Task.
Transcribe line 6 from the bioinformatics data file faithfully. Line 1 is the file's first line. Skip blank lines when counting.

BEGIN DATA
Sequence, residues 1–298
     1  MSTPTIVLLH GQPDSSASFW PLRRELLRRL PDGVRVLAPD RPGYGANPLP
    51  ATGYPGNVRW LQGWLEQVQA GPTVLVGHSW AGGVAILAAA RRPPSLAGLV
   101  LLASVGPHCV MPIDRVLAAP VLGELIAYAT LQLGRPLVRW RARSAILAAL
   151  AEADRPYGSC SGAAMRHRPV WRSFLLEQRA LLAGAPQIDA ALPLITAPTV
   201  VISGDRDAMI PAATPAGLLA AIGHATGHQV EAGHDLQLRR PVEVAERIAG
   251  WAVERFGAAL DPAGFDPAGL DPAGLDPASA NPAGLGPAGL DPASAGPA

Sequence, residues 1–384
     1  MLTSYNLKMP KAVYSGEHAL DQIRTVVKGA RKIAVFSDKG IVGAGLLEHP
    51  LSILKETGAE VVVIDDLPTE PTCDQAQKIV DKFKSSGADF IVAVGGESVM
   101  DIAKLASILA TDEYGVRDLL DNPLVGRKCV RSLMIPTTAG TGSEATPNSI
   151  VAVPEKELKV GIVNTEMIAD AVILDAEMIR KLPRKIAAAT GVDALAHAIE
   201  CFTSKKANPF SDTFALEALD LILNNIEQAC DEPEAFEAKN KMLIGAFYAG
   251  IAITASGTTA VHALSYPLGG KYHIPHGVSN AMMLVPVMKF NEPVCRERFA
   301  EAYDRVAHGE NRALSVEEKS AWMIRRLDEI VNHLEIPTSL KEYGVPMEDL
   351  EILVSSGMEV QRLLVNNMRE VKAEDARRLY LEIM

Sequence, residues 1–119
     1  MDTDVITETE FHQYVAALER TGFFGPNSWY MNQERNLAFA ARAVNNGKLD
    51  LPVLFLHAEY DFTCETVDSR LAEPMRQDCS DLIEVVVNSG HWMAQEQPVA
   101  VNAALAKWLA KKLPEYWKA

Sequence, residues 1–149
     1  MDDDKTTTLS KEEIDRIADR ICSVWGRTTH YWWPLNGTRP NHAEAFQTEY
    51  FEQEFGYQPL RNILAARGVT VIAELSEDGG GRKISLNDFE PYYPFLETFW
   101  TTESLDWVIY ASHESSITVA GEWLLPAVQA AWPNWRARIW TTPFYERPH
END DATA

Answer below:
   201  VISGDRDAMI PAATPAGLLA AIGHATGHQV EAGHDLQLRR PVEVAERIAG